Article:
Enrique Carreras (1922–2014), a division general of the Revolutionary Armed Forces, born in 1922, is considered the father of revolutionary Cuba’s air force. A military officer before the revolution, Carreras was trained as a pilot in the United States during the Second World War and after. He opposed the US-backed...
Enrique Carreras (1922–2014), a division general of the Revolutionary Armed Forces, born in 1922, is considered the father of revolutionary Cuba’s air force.
A military officer before the revolution, Carreras was trained as a pilot in the United States during the Second World War and after. He opposed the US-backed coup of Fulgencio Batista in 1952 and became a collaborator within the armed forces of the July 26 Movement, led by Fidel Castro, which was fighting the dictatorship. In September 1957 the head of the air force ordered Carreras to bomb rebellious army units in the city of Cienfuegos. He and several others refused to carry out the order, for which they were arrested, court-martialed, and jailed. Carreras was sent to prison on the Isle of Pines, today the Isle of Youth.
After the revolution’s triumph at the opening of 1959, Carreras joined the effort to build the armed forces of the new revolutionary government. He was assigned by Fidel Castro to train a corps of pilots.
In April 1961, at the Bay of Pigs, the day they were preparing for arrived. As a prelude to the US-backed invasion, the air force bases in San Antonio de los Baños, Santiago de Cuba, and Ciudad Libertad in Havana were bombed on April 15 by CIA- trained counterrevolutionaries flying planes whose markings had been painted to appear to be those of the Revolutionary Armed Forces (FAR). Seven people were killed and fifty-three wounded. Cuba’s few existing planes had been dispersed on Castro’s instructions. Only two were destroyed.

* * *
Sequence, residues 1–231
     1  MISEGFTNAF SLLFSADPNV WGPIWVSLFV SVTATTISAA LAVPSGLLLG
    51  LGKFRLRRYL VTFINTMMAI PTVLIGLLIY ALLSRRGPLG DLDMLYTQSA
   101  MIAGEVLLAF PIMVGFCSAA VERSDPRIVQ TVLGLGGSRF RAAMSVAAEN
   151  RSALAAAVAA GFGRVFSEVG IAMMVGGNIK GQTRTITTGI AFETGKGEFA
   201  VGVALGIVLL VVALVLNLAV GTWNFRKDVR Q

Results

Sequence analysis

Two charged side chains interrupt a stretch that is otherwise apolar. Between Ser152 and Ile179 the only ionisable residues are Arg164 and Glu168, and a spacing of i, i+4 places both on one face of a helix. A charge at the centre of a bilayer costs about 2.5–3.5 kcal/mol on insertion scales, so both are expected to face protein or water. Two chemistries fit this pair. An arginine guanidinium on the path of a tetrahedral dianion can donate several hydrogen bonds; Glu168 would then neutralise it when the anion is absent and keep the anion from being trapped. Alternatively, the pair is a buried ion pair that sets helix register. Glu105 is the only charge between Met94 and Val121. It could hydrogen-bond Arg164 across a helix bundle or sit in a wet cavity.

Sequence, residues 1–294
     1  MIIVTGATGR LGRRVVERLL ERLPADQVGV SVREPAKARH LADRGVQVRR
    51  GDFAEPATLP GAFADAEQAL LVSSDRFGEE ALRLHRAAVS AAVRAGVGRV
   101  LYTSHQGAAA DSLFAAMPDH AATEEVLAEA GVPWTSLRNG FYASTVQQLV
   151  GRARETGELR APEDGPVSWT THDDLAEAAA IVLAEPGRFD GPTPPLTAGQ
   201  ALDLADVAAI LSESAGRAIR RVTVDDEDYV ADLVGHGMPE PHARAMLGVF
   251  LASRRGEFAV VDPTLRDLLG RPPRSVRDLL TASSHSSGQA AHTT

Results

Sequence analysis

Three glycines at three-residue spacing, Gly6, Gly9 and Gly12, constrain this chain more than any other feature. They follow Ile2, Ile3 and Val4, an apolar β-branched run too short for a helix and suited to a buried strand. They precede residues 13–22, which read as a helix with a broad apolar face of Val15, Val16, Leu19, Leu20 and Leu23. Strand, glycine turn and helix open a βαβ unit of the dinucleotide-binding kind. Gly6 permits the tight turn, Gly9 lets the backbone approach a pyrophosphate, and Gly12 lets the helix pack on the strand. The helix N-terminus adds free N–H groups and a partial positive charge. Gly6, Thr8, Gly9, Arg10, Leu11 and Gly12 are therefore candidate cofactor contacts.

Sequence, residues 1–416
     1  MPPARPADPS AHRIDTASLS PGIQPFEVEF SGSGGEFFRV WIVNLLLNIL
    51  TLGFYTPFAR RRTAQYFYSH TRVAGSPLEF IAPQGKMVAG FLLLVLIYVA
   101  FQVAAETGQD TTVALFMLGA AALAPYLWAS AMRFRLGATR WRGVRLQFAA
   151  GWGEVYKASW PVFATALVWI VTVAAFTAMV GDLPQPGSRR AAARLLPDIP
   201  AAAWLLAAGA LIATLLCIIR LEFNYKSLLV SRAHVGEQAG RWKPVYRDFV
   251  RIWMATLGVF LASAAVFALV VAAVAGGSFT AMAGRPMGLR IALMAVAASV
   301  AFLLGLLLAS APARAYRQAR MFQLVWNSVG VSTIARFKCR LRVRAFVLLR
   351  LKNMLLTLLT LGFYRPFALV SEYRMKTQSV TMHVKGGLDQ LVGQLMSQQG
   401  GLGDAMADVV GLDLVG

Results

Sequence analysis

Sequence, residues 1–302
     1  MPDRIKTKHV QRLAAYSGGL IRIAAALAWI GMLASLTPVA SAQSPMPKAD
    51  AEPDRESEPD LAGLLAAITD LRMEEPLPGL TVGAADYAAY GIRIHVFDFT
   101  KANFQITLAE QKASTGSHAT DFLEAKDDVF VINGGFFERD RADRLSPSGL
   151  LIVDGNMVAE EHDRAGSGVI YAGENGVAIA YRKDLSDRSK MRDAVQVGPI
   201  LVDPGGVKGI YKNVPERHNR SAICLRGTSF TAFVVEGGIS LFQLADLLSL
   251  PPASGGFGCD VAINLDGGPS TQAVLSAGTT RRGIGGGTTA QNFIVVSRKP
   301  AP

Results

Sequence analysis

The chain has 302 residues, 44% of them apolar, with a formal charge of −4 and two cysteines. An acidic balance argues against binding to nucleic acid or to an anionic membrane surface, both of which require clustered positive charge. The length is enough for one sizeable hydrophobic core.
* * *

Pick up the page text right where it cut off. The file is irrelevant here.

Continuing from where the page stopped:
The following day, at a mass rally to honor the victims of the attack and to mobilize the entire population for the coming war, Fidel Castro proclaimed for the first time the socialist character of the Cuban revolution.
Expecting an invasion at any moment, the commander in chief ordered Carreras and the other pilots to remain by their planes at all times. They slept on the runway beneath the wings of their aircraft.
On April 17, at 4:45 a.m., Carreras was urgently called to the telephone. Fidel Castro was on the line. A mercenary army was invading Cuba at Girón Beach on the Bay of Pigs. Castro issued immediate orders: “Carreras, there’s a landing taking place at Playa Girón. Take off right away and get there before dawn. Sink the ships transporting the troops and don’t let them get away. Understood?” “Understood, commander.”
Over the next seventy-two hours, the air squadron Carreras headed, consisting of ten pilots and eight dilapidated planes inherited from the armed forces of the dictatorship, was decisive in defeating the US-organized invasion. The Cuban planes brought down nine b-26 bombers flown by the counter- revolutionaries and US pilots, sank a number of their ships, and hounded the mercenary troops on the ground. Carreras himself shot down two aircraft, and the fighter plane he was flying was hit twice by enemy fire. Two Cuban pilots and several crew members were killed in the battle.
In subsequent years, Carreras served on various internationalist missions, among them a commission to Vietnam in 1969 to study its antiaircraft defenses. From April to August 1976, Carreras was part of a delegation led by Cuban defense minister Raúl Castro that went to Angola to help organize the Cuban volunteer forces there. Twelve years later, in March 1988, during the battle of Cuito Cuanavale, Carreras was part of the massive Cuban effort that helped Angola repel another South African offensive and sealed the fate of the failed South African attempt to topple the Angolan regime.
In recognition of his decades-long distinguished record, in 1989 Enrique Carreras was awarded the status of Hero of the Republic of Cuba, the country’s highest honor.